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    ABSTRACT: Acute decompensated heart failure is a common reason for presentation to the emergency department and is associated with high rates of admission to hospital. Distinguishing between higher-risk patients needing hospitalization and lower-risk patients suitable for discharge home is important to optimize both cost-effectiveness and clinical outcomes. However, this can be challenging and few validated risk stratification tools currently exist to help clinicians. Some prognostic variables predict risks broadly in those who are admitted or discharged from the emergency department. Risk stratification methods such as the Emergency Heart Failure Mortality Risk Grade and Acute Heart Failure Index clinical decision support tools, which utilize many of these predictors, have been found to be accurate in identifying low-risk patients. The use of observation units may also be a cost-effective adjunctive strategy that can assist in determining disposition from the emergency department.
    Current Heart Failure Reports 07/2012; 9(3):252-9. DOI:10.1007/s11897-012-0100-1
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    • "Recently, Henkel et al. published complementary results. They found that HFPEF patients have less cardiovascular disease before death and are less likely to experience cardiovascular death than those with reduced EF, and that the proportion of cardiovascular deaths declined over time [26]. Such observations have also been reported by Tribouilloy et al. [7]. "
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    ABSTRACT: The relevance of electrical and mechanical dyssynchrony has been demonstrated in heart failure with reduced ejection fraction. Preserved ejection fraction is present in as many as 50% of patients with chronic heart failure. Recent small studies suggest that both electrical and mechanical left ventricular dyssynchrony are sometimes present in patients with heart failure and preserved ejection fraction (HFPEF). These data remain controversial and a robust validation of this hypothesis has to be achieved. In the present paper, we review in detail the concepts and try to justify the ongoing KaRen registry. This is a prospective, multicentre, international, observational study to characterize the prevalence of electrical or mechanical dyssynchrony in HFPEF and the resultant effect on prognosis. Patients are enrolled currently at the time of an acute congestive episode. The diagnosis of HFPEF is made according to clinical data, natriuretic peptides and echocardiography for the measurement of ejection fraction. Once stabilized, patients return for a hospital check-up. They undergo clinical and biological evaluation, electrocardiography and Doppler echocardiography. Thereafter, patients are followed every six months, for at least 18 months for mortality, and heart failure-related and non-cardiovascular hospitalizations. KaRen aims to characterize electrical and mechanical dyssynchrony and to assess its prognostic impact in HFPEF. The results may improve our understanding of HFPEF and generate answers to the question of whether or not dyssynchrony could be a target for cardiac resynchronization therapy in HFPEF.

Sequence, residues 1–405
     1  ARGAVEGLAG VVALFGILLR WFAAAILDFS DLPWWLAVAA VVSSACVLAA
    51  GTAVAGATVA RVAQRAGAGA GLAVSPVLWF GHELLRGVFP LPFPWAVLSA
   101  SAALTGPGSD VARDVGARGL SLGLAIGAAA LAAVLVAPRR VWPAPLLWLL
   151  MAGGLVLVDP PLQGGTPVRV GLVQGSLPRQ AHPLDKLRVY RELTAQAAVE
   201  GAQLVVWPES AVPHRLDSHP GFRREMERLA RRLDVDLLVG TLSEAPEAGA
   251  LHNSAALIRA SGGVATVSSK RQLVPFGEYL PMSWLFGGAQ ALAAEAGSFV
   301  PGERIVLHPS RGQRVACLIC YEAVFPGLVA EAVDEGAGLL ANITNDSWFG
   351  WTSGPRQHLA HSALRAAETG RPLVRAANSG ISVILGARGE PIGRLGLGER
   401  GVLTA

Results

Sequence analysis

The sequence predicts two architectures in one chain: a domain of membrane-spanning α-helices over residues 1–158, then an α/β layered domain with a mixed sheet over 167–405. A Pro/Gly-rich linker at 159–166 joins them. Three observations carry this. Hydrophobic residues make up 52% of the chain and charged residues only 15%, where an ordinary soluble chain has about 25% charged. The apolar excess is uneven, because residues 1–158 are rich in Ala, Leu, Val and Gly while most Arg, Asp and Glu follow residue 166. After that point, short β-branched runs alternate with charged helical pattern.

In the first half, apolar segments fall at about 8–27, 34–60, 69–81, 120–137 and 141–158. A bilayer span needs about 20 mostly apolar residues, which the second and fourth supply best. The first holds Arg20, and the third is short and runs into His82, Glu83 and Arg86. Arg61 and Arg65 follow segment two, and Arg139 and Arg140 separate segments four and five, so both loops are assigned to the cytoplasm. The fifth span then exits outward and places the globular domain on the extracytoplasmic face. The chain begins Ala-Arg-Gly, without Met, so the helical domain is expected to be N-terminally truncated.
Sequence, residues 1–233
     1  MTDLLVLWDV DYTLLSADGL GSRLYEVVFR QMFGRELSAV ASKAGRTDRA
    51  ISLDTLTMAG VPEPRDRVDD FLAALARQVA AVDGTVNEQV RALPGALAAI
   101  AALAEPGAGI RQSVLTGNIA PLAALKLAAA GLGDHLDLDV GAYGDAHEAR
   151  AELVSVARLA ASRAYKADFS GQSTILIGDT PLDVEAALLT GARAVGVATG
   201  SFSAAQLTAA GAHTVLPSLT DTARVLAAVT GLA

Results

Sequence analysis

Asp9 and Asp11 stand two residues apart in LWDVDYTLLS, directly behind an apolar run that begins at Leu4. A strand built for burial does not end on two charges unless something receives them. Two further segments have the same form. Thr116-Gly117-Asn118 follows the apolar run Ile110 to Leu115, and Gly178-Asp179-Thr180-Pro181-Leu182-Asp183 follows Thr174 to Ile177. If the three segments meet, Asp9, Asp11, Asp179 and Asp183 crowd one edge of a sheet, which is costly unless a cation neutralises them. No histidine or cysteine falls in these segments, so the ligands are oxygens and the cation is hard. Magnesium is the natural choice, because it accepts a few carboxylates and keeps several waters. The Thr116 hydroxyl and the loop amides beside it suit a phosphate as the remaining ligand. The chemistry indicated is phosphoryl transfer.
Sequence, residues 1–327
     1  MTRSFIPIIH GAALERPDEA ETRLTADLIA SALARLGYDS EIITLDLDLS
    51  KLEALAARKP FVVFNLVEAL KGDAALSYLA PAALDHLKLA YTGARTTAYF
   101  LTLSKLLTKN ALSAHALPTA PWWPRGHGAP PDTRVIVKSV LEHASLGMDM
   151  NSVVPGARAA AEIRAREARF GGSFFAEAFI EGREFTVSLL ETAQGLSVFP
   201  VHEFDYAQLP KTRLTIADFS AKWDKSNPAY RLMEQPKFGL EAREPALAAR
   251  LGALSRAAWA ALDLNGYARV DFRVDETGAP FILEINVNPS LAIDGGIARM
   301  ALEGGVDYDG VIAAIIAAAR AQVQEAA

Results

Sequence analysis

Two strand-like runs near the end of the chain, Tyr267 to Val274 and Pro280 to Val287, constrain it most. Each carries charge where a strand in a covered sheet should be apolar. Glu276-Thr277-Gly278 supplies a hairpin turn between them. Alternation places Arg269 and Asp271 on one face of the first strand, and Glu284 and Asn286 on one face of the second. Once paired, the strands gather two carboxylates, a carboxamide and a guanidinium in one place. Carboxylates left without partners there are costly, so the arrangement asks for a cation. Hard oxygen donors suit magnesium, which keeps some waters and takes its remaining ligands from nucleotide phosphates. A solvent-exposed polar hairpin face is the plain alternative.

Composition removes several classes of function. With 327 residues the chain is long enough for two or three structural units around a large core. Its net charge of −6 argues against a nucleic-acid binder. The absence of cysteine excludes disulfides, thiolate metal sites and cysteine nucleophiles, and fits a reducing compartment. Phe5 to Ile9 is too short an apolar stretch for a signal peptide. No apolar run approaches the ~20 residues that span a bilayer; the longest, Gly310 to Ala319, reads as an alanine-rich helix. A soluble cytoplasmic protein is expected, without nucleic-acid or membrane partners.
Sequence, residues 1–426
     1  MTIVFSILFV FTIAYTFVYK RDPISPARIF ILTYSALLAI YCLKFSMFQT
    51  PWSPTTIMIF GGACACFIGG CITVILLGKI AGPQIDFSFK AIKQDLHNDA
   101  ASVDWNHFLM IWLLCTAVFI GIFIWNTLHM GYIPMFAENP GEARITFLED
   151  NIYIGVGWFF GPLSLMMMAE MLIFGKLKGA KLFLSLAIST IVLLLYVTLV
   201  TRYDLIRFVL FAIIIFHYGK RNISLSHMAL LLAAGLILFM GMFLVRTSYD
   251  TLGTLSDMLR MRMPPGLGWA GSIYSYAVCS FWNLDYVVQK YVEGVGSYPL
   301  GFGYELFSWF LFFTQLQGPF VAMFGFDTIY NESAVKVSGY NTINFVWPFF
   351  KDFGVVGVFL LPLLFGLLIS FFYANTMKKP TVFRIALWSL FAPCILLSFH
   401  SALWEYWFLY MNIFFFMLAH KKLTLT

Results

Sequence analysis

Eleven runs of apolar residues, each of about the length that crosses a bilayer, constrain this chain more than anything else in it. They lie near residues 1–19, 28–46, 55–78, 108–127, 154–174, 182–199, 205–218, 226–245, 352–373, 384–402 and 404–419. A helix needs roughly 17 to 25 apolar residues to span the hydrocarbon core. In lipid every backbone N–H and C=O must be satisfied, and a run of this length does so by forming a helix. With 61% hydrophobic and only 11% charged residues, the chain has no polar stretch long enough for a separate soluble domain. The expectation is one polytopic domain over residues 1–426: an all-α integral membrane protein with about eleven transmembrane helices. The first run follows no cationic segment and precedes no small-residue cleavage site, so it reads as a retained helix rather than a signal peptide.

Archives of cardiovascular diseases 06/2010; 103(6-7):404-10. DOI:10.1016/j.acvd.2010.01.009 · 1.84 Impact Factor